"It’s pretty frustrating," senior receiver Solomon Patton said. "That’s our rival, and to see them actually on top right now and doing real good, it’s pretty hard to see that."
The way their season has gone has left many a Florida fan sour and inconsolable. The idea of ruining the Noles' unbeaten season, however, offers a sweet consolation.
"This being our last game," Patton said, "we definitely plan on doing that."
1. Florida needs Tyler Murphy back: All week the Florida coaching staff expressed its confidence in third-string quarterback Skyler Mornhinweg by saying he was ready to use more of the playbook in his next start. And sure enough he threw a pass on the third play of the game, which was a sharp contrast from the previous week, when Mornhinweg threw just two passes in the first half. But any hopes for an expanded offense went out the window at the end of the Gators' first possession after Mornhinweg threw two bad passes into the end zone that should have been intercepted. Mornhinweg was 4-of-10 passing for 6 yards in the first half and 6-of-13 for 14 yards after three quarters. Perhaps a bright spot was his fourth-quarter performance, when he completed 8-of-12 passes for 108 yards and a touchdown. After the game, UF coach Will Muschamp said he would not rule out Murphy for next week's game against No. 2 FSU.
2. Clutch defense has disappeared: During its 11-1 season in 2012, Florida displayed a knack for making halftime adjustments and shutting down its opponents. That certainly hasn't happened this season, as the Gators have bent and broken lately when the team needs its defense the most. After Saturday's loss, Muschamp seemed to indicate that the offense's inability to score is at least partially to blame. Florida gave up 429 yards on the ground but was unable to score enough points to force Georgia Southern out of its basic scheme. "We got gapped out in some situations. But you've also got to change the scoreboard offensively," he said. "You've got to be able to change the scoreboard, and we just struggled scoring points offensively. It's been a week-in, week-out occurrence, and it's my job to get it fixed, and we will get it fixed."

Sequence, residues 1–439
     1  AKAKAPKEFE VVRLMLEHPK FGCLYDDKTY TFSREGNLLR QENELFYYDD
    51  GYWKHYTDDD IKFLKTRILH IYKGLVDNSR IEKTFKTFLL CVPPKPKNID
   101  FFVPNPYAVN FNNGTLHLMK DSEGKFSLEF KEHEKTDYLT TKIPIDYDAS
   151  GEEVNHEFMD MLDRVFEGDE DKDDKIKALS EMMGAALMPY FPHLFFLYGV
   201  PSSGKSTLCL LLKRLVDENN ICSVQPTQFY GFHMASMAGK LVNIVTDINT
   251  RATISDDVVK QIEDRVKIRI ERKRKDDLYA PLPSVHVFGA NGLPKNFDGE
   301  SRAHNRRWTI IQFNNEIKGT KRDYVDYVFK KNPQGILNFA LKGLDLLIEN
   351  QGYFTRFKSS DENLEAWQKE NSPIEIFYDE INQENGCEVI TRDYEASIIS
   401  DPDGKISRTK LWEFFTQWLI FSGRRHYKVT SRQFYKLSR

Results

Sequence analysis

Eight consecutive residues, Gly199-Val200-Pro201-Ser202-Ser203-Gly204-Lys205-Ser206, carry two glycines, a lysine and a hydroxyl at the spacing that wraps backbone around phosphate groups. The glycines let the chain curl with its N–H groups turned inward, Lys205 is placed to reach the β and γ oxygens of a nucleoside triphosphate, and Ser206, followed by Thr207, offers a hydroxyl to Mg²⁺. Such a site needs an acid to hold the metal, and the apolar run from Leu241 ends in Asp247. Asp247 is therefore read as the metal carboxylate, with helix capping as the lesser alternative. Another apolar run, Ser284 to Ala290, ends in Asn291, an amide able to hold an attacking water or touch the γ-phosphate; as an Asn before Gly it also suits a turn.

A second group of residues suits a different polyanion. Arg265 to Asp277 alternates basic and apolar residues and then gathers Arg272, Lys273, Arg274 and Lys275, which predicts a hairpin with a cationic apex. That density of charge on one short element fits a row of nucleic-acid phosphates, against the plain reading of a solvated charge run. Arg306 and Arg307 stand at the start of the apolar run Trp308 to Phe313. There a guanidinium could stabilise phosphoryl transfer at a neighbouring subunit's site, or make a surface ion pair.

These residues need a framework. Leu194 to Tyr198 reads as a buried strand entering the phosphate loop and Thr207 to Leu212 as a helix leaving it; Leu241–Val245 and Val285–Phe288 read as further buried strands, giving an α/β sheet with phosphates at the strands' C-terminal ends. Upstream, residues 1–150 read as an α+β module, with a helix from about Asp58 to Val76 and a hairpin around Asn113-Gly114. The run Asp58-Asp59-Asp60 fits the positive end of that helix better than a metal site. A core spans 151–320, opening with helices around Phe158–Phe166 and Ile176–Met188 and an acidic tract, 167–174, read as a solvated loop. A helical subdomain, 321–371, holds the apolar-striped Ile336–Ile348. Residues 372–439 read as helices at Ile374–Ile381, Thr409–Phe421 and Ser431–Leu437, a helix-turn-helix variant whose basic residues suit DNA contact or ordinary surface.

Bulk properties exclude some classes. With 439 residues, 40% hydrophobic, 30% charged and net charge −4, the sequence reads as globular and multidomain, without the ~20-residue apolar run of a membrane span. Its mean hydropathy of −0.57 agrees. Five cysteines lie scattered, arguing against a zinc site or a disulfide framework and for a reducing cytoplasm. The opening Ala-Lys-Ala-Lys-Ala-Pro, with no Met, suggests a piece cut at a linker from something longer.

3. The injury bug: None of the UF players or coaches want to use the rash of injuries this season as an excuse. It's just something they all mention every time they're asked about what's gone wrong this fall. Saturday was another example of just how snakebitten the Gators have been with injuries. Already missing starting middle linebacker Antonio Morrison (out for the season after knee surgery), the Gators lost backup Michael Taylor to a knee injury in the second quarter. Taylor had been playing well, too, snagging his team-leading third fumble recovery of the season. But then it got ridiculous, as Taylor's backup, true freshman Alex Anzalone, dislocated his shoulder. Outside linebacker Darrin Kitchens also missed time with a shoulder injury. And at one point, the Gators were using a senior walk-on who wasn't even on the game-day roster in David Campbell to help defend a triple-option offense that was hitting on all cylinders. Talk about ouch.
GAINESVILLE, Fla. -- Just when it appeared Florida's season of discontent could get no worse, it did.